Between your ears, resides a place
A place where demons come to play
To pull you in to the abyss
Where only darkness seems to exist

In this darkness the voice speaks loud
Curses the light, invites in clouds
It brings in guilt, applauds the shame
Makes you feel small, calls you by name

There are many places you’ll try to hide
From this voice that lives inside
You’ll try to run away from this place
The place where demons come to play

And sometimes “friends” will come to your aid
Only to turn on you the next day
Leaving you there to pick yourself up
With empty bottles and a half poured cup

What if I told you it’s not real
How that voice tries to make you feel
What if I told you, demons die
When you look them right in the eyes

What if I told you in that place
There is a soul, it has your face
What if I told you, you possess
the power to bring this voice to rest

What I am telling you is true
The light is waiting to find you
No need to hide or run away
Open your eyes, turn night to day

So in this place, between your ears
There are no demons for you to fear
They are not real, they are not you
What that voice says is all untrue.

But if you dive and find yourself there
Breathe in courage, breathe out despair
Open your eyes, you’ll see the light
You’ll see your soul, your heart, your might.

Love yourself and go to war
With all the things invading your shores
Fight for your heart, fight for your life
Fight for the gift of being alive.

“Sometimes You Get the Best Light From a Burning Bridge” – Don Henley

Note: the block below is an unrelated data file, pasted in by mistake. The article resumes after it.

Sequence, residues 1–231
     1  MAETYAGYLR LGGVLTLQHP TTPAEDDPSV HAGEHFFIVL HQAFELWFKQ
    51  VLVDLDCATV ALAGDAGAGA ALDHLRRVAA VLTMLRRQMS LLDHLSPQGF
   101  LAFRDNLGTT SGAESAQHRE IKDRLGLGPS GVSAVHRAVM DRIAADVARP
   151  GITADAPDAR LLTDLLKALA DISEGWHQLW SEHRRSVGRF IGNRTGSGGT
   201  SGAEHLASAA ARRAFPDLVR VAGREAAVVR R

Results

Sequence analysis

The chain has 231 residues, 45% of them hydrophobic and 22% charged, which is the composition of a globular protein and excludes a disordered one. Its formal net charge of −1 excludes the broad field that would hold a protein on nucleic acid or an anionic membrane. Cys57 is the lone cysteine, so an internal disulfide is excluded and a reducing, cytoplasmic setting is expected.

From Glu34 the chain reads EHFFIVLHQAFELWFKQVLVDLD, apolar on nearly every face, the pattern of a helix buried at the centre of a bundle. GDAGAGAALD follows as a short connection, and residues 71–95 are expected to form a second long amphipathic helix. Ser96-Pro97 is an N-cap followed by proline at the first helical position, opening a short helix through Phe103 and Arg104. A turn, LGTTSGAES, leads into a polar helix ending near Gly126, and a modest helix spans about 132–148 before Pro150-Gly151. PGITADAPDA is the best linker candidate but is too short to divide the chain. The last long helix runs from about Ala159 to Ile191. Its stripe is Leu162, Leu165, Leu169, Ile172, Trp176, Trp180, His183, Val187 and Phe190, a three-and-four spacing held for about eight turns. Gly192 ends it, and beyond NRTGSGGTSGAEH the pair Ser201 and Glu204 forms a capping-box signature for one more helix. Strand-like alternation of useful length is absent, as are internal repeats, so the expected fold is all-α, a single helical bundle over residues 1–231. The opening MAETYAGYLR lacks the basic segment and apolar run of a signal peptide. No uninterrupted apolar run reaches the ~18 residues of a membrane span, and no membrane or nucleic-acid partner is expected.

Written for and Published in The Seeds 4 Life.

Our journey in this life is sure to take us on some scenic adventures. Many of us have ended up in places we had never imagined being. Some of us are there now.

Tracing back our steps, there may have been bridges we decided to cross and some that we may have avoided. Our reason for either choice lives in the moment of those decisions. However, deciding to turn around, to stand in front of those bridges again, and to cross back over, may still be an option for some…but is it worth it?

Remember the person you were, standing in front of that bridge? The person who made the decision to either walk away from it or to cross it? Are you that same person standing at that same bridge again?

Remember the bridge and how it looked when you were standing in front of it? Was it strong and safe? Or was it worn and damaged? Is it in the same condition as it was in when you were standing in front of it?

If you turn away from this bridge and look to the horizon, do you see a better opportunity for growth, for change, for a better version of you? Or is this person on the other side of that bridge unchanged?

These questions nobody can honestly answer, but you. And if you decide to cross back over to start again, burn the bridge behind you, so it will provide the light you needed when you got lost and took the wrong turn. And if you decide to look to the horizon, and move on, burn the bridge behind you, so you may never question your decision again and be confident moving forward – With just a small flicker of your past, lighting the way.

The Second Marriage Vow